St. Johns County fishermen work to save manatee in near-freezing temperatures

Two fishermen worked to save a beached manatee Friday as temperatures on the Intracoastal Waterway in Ponte Vedra Beach dropped to near freezing.

Cory Sparks and Jeremy Strout say they have been fishing in the Palm Valley area for years.

They were on their way home Friday evening after a day on the water when they heard an animal making noise.

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“It was just letting out groans and squeals,” Sparks said. “(We) went over to see if he was alive and he was basically not moving much at all.”

Sparks and Strout said they immediately called wildlife officials, who told them trying to get it back in the water wouldn’t help because the water was so cold.

“The temperature was dropping fast and it was getting ready to get dark,” Strout said. “I knew he wouldn’t survive the night on the bank.”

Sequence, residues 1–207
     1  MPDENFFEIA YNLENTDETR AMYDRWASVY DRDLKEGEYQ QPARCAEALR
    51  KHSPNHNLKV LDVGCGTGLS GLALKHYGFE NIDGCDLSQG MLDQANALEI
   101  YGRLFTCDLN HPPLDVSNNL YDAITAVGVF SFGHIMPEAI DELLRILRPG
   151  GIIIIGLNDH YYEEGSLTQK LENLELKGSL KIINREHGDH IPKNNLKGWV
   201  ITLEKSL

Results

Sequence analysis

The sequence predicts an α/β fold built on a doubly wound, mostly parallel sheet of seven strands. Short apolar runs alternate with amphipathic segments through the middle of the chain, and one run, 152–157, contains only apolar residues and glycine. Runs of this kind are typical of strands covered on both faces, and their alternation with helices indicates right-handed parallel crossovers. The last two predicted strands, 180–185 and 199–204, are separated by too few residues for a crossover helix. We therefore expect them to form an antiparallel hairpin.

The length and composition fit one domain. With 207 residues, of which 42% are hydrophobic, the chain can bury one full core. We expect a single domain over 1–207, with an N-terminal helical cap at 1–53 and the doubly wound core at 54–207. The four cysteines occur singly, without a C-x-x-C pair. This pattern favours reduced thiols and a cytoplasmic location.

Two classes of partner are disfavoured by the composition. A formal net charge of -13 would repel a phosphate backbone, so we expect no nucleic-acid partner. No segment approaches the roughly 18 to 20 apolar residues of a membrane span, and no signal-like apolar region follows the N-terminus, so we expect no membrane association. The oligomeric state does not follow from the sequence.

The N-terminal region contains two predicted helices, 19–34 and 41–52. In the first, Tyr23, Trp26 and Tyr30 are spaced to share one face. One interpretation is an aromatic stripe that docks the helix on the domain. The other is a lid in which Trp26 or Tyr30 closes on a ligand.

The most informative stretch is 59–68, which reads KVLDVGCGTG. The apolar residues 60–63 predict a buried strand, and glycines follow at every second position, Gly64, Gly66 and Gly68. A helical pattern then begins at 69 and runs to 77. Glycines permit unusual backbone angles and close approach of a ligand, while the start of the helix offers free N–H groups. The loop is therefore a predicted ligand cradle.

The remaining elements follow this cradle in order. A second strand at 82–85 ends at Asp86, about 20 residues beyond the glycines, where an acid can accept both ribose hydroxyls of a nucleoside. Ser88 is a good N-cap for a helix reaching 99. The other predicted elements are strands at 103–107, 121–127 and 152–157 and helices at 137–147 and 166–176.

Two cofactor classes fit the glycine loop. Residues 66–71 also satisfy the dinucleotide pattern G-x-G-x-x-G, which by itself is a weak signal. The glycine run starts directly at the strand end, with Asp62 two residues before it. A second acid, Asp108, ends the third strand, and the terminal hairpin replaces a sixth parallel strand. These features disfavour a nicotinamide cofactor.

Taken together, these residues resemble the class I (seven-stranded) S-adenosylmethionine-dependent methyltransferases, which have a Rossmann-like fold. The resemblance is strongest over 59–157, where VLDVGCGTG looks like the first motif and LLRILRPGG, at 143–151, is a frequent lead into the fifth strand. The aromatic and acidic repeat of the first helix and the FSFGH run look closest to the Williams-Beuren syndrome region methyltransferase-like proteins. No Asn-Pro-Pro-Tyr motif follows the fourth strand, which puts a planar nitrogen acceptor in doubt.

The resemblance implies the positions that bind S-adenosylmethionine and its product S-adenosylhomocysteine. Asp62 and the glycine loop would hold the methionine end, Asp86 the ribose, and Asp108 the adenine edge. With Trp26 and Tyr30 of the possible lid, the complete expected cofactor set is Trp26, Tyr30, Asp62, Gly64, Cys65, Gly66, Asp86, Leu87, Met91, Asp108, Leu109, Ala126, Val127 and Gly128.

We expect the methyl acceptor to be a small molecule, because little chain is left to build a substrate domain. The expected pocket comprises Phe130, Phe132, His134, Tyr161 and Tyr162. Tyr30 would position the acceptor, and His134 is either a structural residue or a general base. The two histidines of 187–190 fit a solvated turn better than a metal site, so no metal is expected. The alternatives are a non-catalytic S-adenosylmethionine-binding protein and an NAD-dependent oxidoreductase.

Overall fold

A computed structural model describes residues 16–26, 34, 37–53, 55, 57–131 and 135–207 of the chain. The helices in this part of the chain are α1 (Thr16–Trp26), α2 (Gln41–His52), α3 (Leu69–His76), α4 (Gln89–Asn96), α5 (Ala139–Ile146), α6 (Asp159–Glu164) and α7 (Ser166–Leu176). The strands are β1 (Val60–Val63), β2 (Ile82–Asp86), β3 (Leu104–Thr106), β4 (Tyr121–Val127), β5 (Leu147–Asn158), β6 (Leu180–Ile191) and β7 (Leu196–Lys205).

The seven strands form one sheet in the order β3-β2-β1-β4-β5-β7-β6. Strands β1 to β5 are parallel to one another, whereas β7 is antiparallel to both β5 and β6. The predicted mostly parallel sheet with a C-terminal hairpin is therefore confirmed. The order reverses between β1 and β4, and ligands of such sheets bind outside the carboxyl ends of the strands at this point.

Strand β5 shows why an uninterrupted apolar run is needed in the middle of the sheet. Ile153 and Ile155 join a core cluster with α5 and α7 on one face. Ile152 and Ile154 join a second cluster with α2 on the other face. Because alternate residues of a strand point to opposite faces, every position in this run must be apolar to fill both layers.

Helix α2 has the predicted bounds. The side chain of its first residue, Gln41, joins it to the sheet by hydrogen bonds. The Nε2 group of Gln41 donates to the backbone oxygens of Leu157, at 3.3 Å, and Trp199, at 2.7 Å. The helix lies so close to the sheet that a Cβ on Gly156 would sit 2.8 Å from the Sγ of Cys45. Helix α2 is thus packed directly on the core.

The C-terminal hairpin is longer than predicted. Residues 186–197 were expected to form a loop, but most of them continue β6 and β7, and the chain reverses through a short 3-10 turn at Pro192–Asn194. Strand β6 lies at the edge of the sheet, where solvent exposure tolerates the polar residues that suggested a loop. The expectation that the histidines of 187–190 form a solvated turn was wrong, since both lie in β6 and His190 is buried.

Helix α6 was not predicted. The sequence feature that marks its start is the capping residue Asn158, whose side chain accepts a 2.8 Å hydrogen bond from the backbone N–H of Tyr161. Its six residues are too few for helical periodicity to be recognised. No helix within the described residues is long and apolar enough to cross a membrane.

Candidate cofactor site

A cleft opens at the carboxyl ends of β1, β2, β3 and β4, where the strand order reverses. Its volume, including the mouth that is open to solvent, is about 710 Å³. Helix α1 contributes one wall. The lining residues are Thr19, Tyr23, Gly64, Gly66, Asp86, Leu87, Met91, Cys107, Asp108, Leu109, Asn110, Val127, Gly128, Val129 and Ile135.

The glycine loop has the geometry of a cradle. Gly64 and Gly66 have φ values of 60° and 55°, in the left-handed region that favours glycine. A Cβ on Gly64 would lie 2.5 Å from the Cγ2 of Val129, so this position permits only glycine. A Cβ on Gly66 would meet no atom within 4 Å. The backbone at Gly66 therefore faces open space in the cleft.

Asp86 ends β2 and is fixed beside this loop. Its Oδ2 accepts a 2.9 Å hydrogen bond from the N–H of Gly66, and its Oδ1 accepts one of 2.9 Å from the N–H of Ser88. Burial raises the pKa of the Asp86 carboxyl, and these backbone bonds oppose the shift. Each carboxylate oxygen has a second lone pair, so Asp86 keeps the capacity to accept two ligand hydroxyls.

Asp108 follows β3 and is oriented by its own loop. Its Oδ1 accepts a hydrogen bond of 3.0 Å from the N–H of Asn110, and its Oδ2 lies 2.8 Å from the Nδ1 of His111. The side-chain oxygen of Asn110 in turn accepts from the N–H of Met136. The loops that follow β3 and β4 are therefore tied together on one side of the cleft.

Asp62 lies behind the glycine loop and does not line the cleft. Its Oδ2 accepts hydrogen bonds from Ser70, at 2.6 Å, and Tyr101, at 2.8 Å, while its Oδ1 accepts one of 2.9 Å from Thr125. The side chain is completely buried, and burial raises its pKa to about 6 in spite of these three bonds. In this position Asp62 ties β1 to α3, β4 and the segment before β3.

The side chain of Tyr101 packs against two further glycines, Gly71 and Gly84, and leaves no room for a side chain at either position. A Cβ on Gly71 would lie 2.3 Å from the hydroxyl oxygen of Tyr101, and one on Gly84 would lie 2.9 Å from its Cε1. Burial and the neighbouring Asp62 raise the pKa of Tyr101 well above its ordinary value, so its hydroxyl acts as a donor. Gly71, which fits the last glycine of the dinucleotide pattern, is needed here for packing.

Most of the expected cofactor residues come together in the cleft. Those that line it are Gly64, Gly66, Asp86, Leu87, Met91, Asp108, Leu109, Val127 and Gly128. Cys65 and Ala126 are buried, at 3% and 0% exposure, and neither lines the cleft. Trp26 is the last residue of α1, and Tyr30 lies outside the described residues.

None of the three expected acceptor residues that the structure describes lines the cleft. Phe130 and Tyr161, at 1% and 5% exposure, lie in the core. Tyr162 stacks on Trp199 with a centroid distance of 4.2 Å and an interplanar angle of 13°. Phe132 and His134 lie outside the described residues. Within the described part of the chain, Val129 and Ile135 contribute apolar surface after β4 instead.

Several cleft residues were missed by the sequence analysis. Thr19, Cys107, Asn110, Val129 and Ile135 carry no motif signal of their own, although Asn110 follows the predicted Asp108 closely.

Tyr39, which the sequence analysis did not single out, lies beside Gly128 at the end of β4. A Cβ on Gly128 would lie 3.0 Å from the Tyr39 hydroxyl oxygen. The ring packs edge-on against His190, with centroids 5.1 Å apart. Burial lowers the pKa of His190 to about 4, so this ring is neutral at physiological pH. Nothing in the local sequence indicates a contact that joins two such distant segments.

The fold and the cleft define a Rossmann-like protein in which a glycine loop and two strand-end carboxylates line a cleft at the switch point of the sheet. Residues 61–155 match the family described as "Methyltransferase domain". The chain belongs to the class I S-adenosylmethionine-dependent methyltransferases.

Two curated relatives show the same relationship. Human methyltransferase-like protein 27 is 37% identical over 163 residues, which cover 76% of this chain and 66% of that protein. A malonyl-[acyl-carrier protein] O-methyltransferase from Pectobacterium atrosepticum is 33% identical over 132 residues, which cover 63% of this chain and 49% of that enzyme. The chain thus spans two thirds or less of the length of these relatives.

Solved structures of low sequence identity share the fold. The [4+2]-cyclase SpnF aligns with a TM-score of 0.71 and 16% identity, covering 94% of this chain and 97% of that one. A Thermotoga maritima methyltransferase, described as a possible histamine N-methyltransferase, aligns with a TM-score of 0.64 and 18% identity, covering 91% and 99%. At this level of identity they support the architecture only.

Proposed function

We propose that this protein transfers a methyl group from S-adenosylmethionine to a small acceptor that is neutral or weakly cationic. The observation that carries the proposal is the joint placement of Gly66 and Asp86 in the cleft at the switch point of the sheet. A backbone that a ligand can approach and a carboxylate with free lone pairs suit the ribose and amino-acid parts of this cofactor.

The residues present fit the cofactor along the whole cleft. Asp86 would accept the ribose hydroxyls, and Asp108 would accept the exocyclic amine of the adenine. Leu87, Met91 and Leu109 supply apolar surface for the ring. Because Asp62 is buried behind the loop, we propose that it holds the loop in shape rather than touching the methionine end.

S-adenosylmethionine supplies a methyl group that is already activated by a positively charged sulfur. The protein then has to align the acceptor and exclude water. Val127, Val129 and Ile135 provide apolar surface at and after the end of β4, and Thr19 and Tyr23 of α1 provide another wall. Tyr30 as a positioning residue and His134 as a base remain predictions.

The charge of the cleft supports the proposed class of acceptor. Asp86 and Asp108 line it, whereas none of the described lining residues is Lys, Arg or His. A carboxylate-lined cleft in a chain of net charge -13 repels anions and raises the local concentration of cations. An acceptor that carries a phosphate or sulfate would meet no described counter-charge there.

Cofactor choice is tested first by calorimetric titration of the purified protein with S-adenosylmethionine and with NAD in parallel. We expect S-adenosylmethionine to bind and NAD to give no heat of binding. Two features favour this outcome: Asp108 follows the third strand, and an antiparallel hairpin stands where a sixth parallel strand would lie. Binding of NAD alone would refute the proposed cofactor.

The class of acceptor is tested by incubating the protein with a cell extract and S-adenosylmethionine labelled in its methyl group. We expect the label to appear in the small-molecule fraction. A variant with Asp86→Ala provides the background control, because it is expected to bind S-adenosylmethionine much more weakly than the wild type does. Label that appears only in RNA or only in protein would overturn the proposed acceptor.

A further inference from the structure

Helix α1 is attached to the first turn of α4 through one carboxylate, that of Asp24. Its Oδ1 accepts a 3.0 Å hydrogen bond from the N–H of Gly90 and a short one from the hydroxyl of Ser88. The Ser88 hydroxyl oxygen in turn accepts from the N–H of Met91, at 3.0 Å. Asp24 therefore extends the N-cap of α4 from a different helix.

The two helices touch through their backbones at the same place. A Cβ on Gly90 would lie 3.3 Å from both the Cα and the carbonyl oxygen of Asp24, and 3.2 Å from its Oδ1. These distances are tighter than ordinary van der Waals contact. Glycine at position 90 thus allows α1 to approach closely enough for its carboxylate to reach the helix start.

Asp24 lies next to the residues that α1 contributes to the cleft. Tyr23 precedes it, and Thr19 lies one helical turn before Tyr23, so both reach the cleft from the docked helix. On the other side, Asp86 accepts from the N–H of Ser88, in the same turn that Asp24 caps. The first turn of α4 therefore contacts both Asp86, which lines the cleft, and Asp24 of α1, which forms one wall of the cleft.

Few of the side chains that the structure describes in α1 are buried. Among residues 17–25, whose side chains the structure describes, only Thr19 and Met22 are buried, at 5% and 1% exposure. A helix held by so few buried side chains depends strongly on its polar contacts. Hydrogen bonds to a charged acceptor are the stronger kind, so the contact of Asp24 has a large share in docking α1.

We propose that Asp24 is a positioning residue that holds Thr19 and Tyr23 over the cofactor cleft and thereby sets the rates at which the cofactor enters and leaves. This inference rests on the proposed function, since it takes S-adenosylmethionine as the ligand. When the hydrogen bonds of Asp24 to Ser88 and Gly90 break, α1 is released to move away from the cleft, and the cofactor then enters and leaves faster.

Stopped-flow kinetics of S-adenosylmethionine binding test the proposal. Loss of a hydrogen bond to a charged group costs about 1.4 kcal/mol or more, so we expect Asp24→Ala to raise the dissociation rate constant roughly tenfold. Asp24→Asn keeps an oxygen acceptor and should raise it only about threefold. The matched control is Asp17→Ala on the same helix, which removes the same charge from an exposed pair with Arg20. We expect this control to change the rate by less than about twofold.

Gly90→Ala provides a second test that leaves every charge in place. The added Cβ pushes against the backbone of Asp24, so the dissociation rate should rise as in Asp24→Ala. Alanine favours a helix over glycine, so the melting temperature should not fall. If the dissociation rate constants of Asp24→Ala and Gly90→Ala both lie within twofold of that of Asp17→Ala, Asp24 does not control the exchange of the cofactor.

Strout says he got out of the boat and into the 47-degree water to try to help the manatee.

“I did that about five or six times and threw some water on him to try to revive him a little bit, make him feel a little better because he was clearly in distress,” he said.

They say the tide went out as they waited for wildlife officials, leaving their boat stuck for hours.

“We knew there was a chance we would get stuck but we couldn’t just drive by,” Sparks said.

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Florida wildlife officials say the water dropped to 47 degrees Friday night. Manatees cannot survive in water colder than 68 degrees.

“That last groan we kind of heard, the strongest, loudest groan, and it went kind of silent,” Sparks said.

Cheyanne Ruben with FWC says crews reached the manatee, but were not able to save it.

Action News Jax was at Palm Valley Boat Ramp Saturday as Ruben and another FWC official launched a boat to go look for its body.

She said FWC will perform a necropsy to determine what caused the manatee’s death. She said it was likely because of cold stress.

Ruben said the best thing to do if you come across an animal in distress is to call the FWC hotline at 888-404-FWCC.

“Best-case scenario, we get the call then we’re able to rescue that animal quickly, stabilize them and get them to a rehabilitation facility,” Ruben said.